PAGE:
How to make a career change into nursing?

  1. 0
    HI All! I am making a career change as I have been contemplating on becoming an RN for two years now after I resigned from teaching in 2010 for family obligations. The budget cuts in teaching here in DFW Texas area makes it harder to find teaching positions...I want a stable career and nursing was my original major back in college anyways except I wasn't mature enough to study back then. I know one of my nurse friend stated how the economy is limiting nursing jobs too; however, I see more jobs online for nurses than teachers (maybe those nursing positions are competitive though).
    My husband and I are in need of insurance and additional income since we are surviving from my husband's family business with his parents. I also have a little eight month old to take care of. I would ideally like to attend an accelerated program for a BSN in 3-5 years. I don't think I have the energy to focus right now with my little one.


    1) How did you make a career change to nursing and get by financially?
    2) Will becoming a CNA although it's a low paying job, be worth it in the long run?
    I was also considering LVN through a community college program but other nurses seem to discourage it if I want to be a RN anyways.
    3) Getting my foot in the door as an Unit Clerk/Health Unit Coordinator without any hospital experience seems virtually impossible too. I feel stuck trying to find entry level hospital related jobs at this point. If I can't find any entry level jobs then my last option would be to find other jobs to get by until I am ready to be a full time student.

    I would appreciate your help and advice! Thanks!

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  2. 16 Comments...

  3. 1
    The best foot in the door is as a tech/pct. You'll do actual pt care and get to know the staff. Managers like to hire new grads who worked their unit as a tech because that person is known to them, i.e., they know if the person fits the culture and their skill set.

    There is a lot of financial aid out there. Not loans, but grants and scholarships. If you already have a degree, you can't get a Pell, but there's plenty of other cash floating around. I only paid out of pocket for my fees, books and uniform. The money is out there waiting to be found.
    pattylee1122 likes this.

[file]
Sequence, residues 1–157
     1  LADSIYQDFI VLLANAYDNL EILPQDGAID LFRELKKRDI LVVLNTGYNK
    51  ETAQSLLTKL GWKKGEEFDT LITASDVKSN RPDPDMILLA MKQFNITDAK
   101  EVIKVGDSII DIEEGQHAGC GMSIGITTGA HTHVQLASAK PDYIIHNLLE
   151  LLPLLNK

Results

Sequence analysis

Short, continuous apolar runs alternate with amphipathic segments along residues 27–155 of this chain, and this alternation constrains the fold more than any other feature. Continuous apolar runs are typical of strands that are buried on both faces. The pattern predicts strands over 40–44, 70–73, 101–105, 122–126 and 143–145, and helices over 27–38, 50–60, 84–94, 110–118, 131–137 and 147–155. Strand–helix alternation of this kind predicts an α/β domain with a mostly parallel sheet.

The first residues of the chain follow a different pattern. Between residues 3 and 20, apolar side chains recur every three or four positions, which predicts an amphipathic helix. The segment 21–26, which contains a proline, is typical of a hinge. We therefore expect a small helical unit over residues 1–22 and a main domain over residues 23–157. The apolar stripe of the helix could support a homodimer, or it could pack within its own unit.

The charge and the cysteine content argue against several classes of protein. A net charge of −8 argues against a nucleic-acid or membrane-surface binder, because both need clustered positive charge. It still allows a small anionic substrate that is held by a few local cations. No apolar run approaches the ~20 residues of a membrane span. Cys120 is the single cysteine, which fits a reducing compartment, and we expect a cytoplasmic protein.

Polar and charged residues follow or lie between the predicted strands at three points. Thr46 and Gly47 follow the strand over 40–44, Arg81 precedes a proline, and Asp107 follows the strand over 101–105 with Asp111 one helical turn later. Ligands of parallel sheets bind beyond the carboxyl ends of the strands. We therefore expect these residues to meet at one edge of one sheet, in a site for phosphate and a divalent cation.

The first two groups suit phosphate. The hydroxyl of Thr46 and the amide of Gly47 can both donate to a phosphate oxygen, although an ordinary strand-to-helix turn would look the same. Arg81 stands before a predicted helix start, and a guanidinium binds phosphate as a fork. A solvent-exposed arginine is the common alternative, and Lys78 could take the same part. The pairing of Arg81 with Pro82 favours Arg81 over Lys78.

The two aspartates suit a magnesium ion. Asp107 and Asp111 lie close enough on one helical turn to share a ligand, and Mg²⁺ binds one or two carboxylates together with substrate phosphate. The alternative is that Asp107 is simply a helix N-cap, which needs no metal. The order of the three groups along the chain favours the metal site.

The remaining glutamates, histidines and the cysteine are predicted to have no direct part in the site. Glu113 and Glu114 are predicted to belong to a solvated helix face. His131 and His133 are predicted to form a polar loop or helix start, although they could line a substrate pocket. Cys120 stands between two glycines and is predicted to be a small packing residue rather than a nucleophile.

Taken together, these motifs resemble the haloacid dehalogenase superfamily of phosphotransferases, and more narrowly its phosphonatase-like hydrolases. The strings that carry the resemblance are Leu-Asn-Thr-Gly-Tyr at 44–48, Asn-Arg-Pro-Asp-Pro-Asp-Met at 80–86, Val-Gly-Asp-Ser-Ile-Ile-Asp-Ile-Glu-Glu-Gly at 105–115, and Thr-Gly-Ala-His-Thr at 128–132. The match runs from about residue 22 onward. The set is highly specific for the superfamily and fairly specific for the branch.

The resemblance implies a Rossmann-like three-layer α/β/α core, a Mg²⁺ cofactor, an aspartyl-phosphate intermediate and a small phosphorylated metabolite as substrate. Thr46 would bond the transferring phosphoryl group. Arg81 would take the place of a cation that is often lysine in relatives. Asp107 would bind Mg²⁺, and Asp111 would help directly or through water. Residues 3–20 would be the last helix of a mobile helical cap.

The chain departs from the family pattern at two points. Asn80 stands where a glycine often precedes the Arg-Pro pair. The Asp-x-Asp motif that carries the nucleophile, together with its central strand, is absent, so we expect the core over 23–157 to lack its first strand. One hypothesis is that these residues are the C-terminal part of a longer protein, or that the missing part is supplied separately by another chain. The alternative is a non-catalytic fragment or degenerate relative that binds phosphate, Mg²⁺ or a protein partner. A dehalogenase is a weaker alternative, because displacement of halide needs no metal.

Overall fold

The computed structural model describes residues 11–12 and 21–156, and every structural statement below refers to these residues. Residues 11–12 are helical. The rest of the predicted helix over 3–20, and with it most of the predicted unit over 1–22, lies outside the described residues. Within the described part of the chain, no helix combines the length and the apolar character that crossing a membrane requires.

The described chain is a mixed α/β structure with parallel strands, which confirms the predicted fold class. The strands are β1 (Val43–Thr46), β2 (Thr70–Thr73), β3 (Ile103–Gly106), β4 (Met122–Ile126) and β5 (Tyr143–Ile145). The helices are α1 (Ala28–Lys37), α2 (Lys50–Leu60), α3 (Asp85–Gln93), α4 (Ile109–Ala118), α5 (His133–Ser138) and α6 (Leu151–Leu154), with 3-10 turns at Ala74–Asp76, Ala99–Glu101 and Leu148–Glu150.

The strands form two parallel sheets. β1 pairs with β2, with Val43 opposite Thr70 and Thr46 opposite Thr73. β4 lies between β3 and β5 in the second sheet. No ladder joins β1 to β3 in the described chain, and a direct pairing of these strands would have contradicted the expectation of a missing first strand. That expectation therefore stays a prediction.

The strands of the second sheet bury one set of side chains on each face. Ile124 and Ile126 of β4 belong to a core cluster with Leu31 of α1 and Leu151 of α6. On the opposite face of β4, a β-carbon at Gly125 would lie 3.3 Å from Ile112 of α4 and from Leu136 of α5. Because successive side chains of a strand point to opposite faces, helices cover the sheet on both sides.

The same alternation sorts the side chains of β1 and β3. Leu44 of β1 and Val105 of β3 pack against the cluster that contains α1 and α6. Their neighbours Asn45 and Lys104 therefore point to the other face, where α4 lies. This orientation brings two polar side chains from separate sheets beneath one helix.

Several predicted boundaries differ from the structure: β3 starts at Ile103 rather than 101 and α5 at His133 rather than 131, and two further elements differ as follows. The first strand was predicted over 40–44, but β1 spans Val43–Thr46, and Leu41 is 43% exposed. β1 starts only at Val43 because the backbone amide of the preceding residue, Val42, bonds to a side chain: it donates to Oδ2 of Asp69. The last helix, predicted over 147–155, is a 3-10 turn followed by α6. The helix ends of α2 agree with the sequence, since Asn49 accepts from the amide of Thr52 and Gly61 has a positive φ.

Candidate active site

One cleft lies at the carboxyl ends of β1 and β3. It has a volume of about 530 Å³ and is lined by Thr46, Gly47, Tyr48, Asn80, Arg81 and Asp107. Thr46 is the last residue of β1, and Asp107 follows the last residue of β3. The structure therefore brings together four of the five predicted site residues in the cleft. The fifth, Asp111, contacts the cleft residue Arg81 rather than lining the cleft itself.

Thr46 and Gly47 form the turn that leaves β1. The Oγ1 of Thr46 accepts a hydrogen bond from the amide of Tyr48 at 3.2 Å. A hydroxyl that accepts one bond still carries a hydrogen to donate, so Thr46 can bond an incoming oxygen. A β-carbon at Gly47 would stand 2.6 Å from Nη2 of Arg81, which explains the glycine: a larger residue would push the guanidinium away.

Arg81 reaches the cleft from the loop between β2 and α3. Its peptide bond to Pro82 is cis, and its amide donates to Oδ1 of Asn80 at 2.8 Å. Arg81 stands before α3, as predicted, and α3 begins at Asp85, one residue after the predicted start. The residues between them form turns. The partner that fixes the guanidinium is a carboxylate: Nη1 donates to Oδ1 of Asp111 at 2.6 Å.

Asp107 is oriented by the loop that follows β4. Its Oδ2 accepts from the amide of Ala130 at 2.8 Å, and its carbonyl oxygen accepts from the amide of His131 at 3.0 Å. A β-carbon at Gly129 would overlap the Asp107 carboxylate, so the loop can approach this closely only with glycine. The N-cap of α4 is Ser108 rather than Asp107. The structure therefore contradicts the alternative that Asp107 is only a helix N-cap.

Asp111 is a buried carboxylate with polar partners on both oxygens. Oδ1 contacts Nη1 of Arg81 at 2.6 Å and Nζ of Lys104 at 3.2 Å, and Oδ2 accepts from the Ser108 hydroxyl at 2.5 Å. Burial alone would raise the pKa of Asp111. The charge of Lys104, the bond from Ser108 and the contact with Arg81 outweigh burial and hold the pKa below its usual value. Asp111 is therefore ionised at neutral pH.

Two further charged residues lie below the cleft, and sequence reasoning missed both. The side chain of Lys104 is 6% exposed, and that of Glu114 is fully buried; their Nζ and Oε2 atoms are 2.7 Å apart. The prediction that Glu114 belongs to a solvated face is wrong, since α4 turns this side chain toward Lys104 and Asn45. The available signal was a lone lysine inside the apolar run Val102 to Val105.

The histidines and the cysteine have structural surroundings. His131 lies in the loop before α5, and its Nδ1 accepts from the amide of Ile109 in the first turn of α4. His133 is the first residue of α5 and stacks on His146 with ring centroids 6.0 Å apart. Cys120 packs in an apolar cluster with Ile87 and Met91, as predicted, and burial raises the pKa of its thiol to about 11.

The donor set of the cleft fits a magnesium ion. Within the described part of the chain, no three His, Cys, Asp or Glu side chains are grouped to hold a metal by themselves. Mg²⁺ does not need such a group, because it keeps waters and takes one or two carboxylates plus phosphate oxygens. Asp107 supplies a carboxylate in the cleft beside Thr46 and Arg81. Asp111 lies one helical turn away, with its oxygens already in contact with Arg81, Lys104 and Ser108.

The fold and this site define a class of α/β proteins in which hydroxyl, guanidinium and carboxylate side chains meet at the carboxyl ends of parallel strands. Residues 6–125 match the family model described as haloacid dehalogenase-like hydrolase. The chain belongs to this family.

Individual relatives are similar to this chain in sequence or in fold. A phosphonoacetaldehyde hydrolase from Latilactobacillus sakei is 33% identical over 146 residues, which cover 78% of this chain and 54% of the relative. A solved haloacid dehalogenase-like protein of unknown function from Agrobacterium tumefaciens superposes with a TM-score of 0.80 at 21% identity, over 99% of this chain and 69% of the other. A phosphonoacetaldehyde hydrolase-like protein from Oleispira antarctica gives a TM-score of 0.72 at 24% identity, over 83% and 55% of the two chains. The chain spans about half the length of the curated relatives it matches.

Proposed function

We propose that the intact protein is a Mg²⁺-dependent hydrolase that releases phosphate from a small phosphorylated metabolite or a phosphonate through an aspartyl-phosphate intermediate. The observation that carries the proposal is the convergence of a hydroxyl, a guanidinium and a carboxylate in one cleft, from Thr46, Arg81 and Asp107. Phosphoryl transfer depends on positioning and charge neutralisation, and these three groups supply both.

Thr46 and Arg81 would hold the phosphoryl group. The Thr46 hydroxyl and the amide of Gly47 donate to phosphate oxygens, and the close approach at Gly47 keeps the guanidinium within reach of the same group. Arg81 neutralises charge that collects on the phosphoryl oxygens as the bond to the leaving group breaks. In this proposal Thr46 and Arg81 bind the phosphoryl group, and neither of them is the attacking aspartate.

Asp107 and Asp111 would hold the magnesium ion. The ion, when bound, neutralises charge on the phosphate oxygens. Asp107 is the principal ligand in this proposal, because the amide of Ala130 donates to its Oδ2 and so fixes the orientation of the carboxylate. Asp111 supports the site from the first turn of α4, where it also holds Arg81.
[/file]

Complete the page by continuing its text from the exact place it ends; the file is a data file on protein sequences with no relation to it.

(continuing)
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    Did you immediately pursue the RN/BSN program instead of PCT/LVN route? Thanks for your response! I really appreciate it!
  5. 1
    I chose a RN diploma program. My previous bachelors had all the non nursing classes I needed which transferred over. I had to take sciences (a&p I/II, chem org/in-org w/lab & micro) as my previous degree was non healthcare related.

    I enjoyed college. A lot. Which made it impossible for me to get into an accelerated BSN. "Your GPA was what?!?!" The local community college was waitlisted, hence the diploma program. Total elapsed time from choosing to become a nurse to passing the NCLEX was 2 years, 8 months.

    My in at the ER where I work was being a local EMT for years before going to nursing school. I knew them, they knew me.
    Nurse2BeInGA likes this.
  6. 1
    OMG! My situation is just like yours! I am currently teaching as a special ed teacher. Nursing was originally my major in college as well. This is my second go at this. In my area, there is only one part time nursing program where I would be able to work full time. Like you, I am trying to find a job in the healthcare area now but like you mentioned every job wants some kind of certification and/or experience. I just don't see myself teaching while attending nursing school especially since my heart is not in it anymore. However, I have to work since I have a one year old and we still need the insurance. My husband feels even if I do PCT work, our finances will suffer and I don't think loans will cover our mortgage and utilities. I think I am still going to get my CNA certification and see where it may lead me. Good Luck and let me know what you decide to do.
    pattylee1122 likes this.